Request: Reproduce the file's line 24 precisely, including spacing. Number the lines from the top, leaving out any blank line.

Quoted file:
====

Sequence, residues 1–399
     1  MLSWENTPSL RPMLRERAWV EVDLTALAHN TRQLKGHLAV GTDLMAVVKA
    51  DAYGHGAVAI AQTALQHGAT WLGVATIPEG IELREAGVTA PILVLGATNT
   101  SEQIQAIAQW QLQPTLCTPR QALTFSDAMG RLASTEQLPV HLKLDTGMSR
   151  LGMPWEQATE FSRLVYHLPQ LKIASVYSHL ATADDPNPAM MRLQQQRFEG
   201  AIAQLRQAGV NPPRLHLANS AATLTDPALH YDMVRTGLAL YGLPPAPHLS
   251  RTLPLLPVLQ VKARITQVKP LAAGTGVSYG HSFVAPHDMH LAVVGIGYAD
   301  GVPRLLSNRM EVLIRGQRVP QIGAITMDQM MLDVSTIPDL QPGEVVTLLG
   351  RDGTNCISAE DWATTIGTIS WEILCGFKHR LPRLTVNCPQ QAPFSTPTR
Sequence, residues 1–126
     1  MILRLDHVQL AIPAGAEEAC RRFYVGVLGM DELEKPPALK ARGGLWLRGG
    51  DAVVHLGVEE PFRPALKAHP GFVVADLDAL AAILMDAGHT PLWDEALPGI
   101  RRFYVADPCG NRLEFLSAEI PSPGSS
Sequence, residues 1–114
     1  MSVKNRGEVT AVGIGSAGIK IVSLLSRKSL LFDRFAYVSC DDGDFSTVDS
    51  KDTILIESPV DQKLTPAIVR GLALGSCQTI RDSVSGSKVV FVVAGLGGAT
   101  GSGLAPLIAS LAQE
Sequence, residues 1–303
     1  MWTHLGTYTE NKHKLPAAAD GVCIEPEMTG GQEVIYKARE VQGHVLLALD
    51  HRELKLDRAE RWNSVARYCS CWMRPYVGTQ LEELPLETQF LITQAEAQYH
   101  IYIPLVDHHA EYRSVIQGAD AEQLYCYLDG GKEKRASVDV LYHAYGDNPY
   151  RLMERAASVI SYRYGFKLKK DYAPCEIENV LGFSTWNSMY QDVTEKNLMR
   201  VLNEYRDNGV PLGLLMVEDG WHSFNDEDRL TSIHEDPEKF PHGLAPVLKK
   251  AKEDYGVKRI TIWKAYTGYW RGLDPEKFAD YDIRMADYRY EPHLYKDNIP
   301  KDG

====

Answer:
   251  AKEDYGVKRI TIWKAYTGYW RGLDPEKFAD YDIRMADYRY EPHLYKDNIP